Newsweek excerpts Peter Beinart’s new book, The Crisis of Zionism, in which Beinart writes that Benjamin Netanyahu arrived to meet with President Obama in May 2009 with a “lack of interest in negotiations” — while Mahmoud Abbas arrived “eager to carry on the talks he had been pursuing with Netanyahu’s predecessor.” Beinart’s description is not only inconsistent with the public record, but distorts what Netanyahu tried to do in May 2009.
On May 18, 2009, sitting beside Obama, Netanyahu said he wanted “to start peace negotiations with the Palestinians immediately” and thought an agreement could be reached if they recognized Israel as a Jewish state with the means to defend itself; (2) on May 28, 2009, the supposedly eager Abbas told the Washington Post, the day before his own meeting with Obama, that he planned to do nothing but sit back and watch the Obama administration slowly squeeze Netanyahu from office.
Beinart tries to support his backwards history with a quote from a May 2009 presentation by Netanyahu’s top aide, Ron Dermer. I remember the quote; it comes from a video I posted at YouTube on May 3, 2009 and described in Contentions the next day. Here is the single sentence Beinart quotes from Dermer’s 20-minute presentation:
“There is no way now where you have on the Palestinian side a willingness to make the sorts of compromises that will be required for a deal on the core issues but yet despite that the previous government decided to negotiate and negotiate and negotiate and to focus on that and to bang their head against the wall.”
And here is an extended excerpt from Dermer’s remarks (with the portion Beinart quoted in italics, so readers can judge if Beinart accurately conveyed the gist of Dermer’s presentation):
[The path to peace] connects with something David [Makovsky] said. David said there’s a top-down approach and there’s a bottom-up approach. Netanyahu believes you have to combine both of those — which is why he has argued for a three-track approach to peace. There are two tracks that we consider bottom up, which is security and the economy. And there’s a third track – political negotiations.
Now what happened at Annapolis was that the government almost exclusively focused on political negotiations. They invested all their energies, almost all their efforts, in reaching an elusive agreement. And I agree with Aaron [David Miller] that there is no way now where you have on the Palestinian side a willingness to make the sorts of compromises that will be required for a deal on the core issues.
But yet despite that, the previous government just decided to negotiate, and negotiate, and negotiate, and to focus on that. They banged their head against the wall over and over and over again. And there is limited political capital in Israel, just as there is anywhere else; if you are focused on that — well then you are not focused on changing the reality on the ground. What Netanyahu will do – and you will see it I think in a rather dramatic fashion in the next two years particularly – is to work to change the reality on the ground.
First there’s security, which General Dayton is doing; he is recruiting and training Palestinian security forces … [The economic track] is led by Tony Blair … I’ve been in a few meetings with the prime minister and Tony Blair, and I am amazed at how many bureaucratic obstacles there are to Palestinian economic development. … [B]ut when you have a government focused on making the peace to end all peace, the deal of the century, and you don’t have a prime minister who takes the gavel and rolls up his sleeves and works day after day to move the bureaucracy along and to get through all the red tape, nothing will happen on the ground …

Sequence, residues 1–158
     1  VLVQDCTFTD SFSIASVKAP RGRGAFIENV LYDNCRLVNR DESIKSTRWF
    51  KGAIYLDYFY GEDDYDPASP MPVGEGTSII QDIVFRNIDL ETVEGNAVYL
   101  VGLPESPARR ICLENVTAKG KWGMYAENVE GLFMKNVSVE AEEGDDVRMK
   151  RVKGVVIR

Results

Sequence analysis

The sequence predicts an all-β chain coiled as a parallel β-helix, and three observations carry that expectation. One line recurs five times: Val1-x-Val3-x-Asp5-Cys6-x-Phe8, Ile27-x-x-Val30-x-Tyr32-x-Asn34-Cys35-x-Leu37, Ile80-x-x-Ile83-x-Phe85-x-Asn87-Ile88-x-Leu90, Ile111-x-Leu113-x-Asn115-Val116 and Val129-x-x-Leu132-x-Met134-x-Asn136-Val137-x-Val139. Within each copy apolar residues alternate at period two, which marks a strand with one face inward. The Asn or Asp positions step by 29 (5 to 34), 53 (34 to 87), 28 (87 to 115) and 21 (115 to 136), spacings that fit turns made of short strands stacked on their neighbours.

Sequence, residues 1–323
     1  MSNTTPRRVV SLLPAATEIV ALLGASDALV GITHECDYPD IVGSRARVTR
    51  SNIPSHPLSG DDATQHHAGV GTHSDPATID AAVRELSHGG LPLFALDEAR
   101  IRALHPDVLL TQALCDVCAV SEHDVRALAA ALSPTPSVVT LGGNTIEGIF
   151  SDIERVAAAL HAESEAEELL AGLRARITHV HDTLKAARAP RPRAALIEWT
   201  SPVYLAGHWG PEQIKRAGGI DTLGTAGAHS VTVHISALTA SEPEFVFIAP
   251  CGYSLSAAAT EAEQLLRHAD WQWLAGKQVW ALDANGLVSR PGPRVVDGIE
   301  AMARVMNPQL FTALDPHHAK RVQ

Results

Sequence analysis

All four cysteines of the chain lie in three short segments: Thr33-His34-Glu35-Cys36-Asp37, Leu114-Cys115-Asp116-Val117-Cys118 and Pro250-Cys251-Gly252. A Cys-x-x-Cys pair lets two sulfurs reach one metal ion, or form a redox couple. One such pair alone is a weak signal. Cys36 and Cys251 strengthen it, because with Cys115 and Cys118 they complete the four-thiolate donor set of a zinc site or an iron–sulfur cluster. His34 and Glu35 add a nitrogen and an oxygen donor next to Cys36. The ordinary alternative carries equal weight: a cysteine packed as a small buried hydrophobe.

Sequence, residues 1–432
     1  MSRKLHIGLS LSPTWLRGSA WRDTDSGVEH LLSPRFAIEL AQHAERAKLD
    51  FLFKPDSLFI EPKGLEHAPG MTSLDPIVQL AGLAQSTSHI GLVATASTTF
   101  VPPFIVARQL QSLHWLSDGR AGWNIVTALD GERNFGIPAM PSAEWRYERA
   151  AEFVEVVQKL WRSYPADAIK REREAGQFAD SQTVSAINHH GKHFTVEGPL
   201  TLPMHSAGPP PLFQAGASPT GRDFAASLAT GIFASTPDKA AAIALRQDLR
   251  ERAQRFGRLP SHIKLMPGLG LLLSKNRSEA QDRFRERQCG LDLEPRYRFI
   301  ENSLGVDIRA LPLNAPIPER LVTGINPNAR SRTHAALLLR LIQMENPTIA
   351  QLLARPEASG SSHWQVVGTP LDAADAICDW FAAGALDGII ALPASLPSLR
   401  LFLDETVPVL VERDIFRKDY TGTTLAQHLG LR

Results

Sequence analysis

And the idea is that through economic development and through security cooperation you can create a context, a context where political progress is possible. What has happened up to now is to try to basically build a pyramid from the top down. It doesn’t work that way. You have to step by step, layer and layer, have the Palestinians have rule of law, have a decent economy, provide jobs, provide hope, and slowly but surely you actually build lots of stakeholders. ….
I am not of the school of thought that says, well if you just give everybody an extra refrigerator, they are going to give up their identity. It doesn’t work that way. But you can moderate the conflict through economic development – it’s happened in many places around the world – Cyprus is one of them, Northern Ireland is another one; there are many, many examples. So this is what makes it possible.
The Clinton peace process ended in a war, after Ehud Barak offered the Palestinians a state. The Bush peace process ended in another war, after Ehud Olmert offered the Palestinians a state. The peace process designed by the man Beinart calls the “Jewish president” required Abbas only to watch, as Obama reneged on prior oral and written agreements with Israel, sought to put daylight between it and America, bypassed it on successive trips to the region, and publicly humiliated Netanyahu on his own trips to Washington. Obama demanded that Netanyahu recognize a Palestinian state in his Bar-Ilan speech, but never demanded Abbas give a Bir Zeit speech recognizing a Jewish one.
Netanyahu came to Washington with a new approach – one that might create a context in which negotiations could succeed. He was met by Obama’s rejection of prior American commitments, an insistence on preconditions that had never been a condition of negotiations before, and a refusal to negotiate by the supposedly eager Abbas, as part of a strategy to bring down the Israeli prime minister. As Ron Dermer might say, it doesn’t work that way.